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23 Apr 2013
Sail-World New Zealand: April 23, 2013
We are still working out the wrinkles in our newsletter system, hopefully these have passed, and we expect to resume normal service in there near future. We are unhooking the Sail-World servers from the farm, this week, and that will be the final (nervous) step in the transition to the Cloud.
Tomorrow, Oracle Team USA are due to launch their new AC72 on April 23 in San Francisco. On Monday she was wheeled out of the shed, and the wingsail erected. We have photos in this edition of Sail-World.com's newsletter of the new AC72 along with some shots from the right angles of the first boat to provide a point of comparison.
Over the weekend, Emirates Team NZ competed in the final edition of the America's Cup World Series in Naples. Overall most would hail the event a success, with crowds of 120,000 attending each day of the regatta - to put that in perspective that is double the capacity of Eden Park.
We have been running full coverage of the America's Cup World Series, Naples on www.sail-world.com, including Bob Fisher's excellent daily reports and with Linda Wright photographing exclusively for Sail-World.
It is hard to tell at this stage if the event is sustainable - the accounts won't be made public - and it is still building an audience in most regions. TV revenues are not believed to be substantial at this stage either.
The corollary of course is with the 2007 America's Cup, which returned a substantial profit including a significant in the millions dollars to the top teams, and lesser amounts to the lower finishers.
The right time to judge the whole America's Cup event will be after it has finished. For sure the AC72's are the most spectacular boats ever seen racing - and the fact that they can race close to shore withing easy view of spectators will be a significant factor in determining spectator appeal, and leverage to sponsors.
Right now the 34th America's Cup is a cake that smells very appetising , but is still in the oven, and yet to be iced.
In terms of official results, Emirates Team NZ didn't have a great regatta. They departed the Match Racing segment early after a collision with Luna Rossa, while rounding a mark. Some were surprised that Luna Rossa was allowed to get away with luffing at the last seconds, causing damage (in most definitions of the rules) and while Emirates Team NZ was in the wrong, in our view the Italians should also have picked up a penalty under RRS14, which requires a right of way boat to take avoiding action when it is clear the other boat is not keeping clear.
The incident, and subsequent penalty, also raised an interesting point, which is that if a boat is penalised (usually to the point where the other boat has to get clear ahead) then can the other (non-penalised boat) slow down, burn up time as they sail down the track and remove the opportunity for the penalised boat to catch up in the remaining portion of the race?
In the fleet racing, Emirates Team NZ ran hot and cold, with two wins on the Saturday being offset by two premature starts on the Friday, and being caught in irons just a minute before the start in the final race. The way bonus points are allocated, mean that the winner of the final race will essentially take the series.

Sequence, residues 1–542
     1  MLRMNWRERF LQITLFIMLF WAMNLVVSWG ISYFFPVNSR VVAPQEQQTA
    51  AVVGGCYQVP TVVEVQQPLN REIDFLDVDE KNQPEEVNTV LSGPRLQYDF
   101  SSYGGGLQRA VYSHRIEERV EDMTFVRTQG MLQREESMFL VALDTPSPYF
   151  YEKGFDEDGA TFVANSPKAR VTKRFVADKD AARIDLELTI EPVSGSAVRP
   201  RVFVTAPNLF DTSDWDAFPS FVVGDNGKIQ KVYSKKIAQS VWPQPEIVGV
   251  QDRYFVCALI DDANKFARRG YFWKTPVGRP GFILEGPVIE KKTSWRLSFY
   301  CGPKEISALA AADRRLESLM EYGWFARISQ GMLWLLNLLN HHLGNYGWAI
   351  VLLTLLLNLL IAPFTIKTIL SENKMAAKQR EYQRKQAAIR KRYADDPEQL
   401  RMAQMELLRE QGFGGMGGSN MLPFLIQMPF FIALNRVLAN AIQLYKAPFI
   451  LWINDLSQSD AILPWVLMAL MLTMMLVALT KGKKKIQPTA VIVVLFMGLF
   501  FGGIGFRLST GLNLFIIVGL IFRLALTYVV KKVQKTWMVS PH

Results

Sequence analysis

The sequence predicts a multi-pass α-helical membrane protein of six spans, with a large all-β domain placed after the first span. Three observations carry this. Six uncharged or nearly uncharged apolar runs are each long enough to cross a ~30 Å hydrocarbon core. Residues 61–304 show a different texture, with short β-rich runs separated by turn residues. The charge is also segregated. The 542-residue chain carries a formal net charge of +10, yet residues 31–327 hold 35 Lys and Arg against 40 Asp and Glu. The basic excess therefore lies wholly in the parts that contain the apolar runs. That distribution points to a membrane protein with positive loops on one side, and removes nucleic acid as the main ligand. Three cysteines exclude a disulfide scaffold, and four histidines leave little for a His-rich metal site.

A rough points calculation we did today, scoring the series on the normal low points system, had Oracle (Slingsby) winning by one point from Emirates Team NZ, with the weekend's winner Luna Rossa Swordfish finishing fifth, Luna Rossa Piranha (4th) taking third place and Ben Ainslie Racing finishing fourth.
That calculation puts a different perspective on the result. The point is that ACWS regatta doesn't have a lot of relevance to the 34th America's Cup.
The untimely death of six times Volvo OR/Whitbread RTWR competitor Magnus Olsson (SWE) at the weekend, aged just 64 years has rocked many in the sailing world. He was a larger than life character who will be sorely missed. We have two tribute stories in this edition of Sail-World.com. Don't miss the 'Talk, Talk, Talk' video.
Another making us all aware of our mortality is New Zealand professional sailor, David Brooke, scion of one of New Zealand's great boatbuilding, design and sailing families. Currently with Artemis Racing ahead of the 2013 America's Cup, Brooke collapsed and had an emergency liver transplant in San Francisco.
His father Don, has kindly kept us updated as to David's situation, and we pass on his reports in this edition. Hopefully David is on the mend, but by all accounts it was a very close run thing. Our thoughts and prayers are of course with David and his family.
For the all the negative lines that come out of the America's Cup, it is great to see the competitive animosity set aside at time like these, and the family certainly appreciate the support they have received from Artemis Racing and the wider sailing family.
In Hyeres, the New Zealand Sailing Team have got underway to a good start in the fourth ISAF World Sailing Cup event, with Paul Snow-Hansen and Daniel Willcox scoring two wins and a fifth to lead the 63boat Mens 470 fleet. Josh Junior is fourth overall in the Mens Finn. We will be updating each day on this regatta.
C-Tech(NZ) and Smeg (Aust.) battle during Race 7 of the JJ Giltinans Frank Quealey
This ANZAC Weekend, 13 18ft skiffs will be sailing on Auckland Harbour - including four of the top Australian boats. This is the biggest and best 18ft fleet to be seen in Auckland for some time, and is testament to efforts that have gone in behind the scenes in New Zealand and elsewhere to get the class up to a new level. They will be the Curtain Raiser/Main Event (depending on your point of view) for the 34th America's Cup in San Francisco in September, when the 18fters sail for the Nespresso Trophy.
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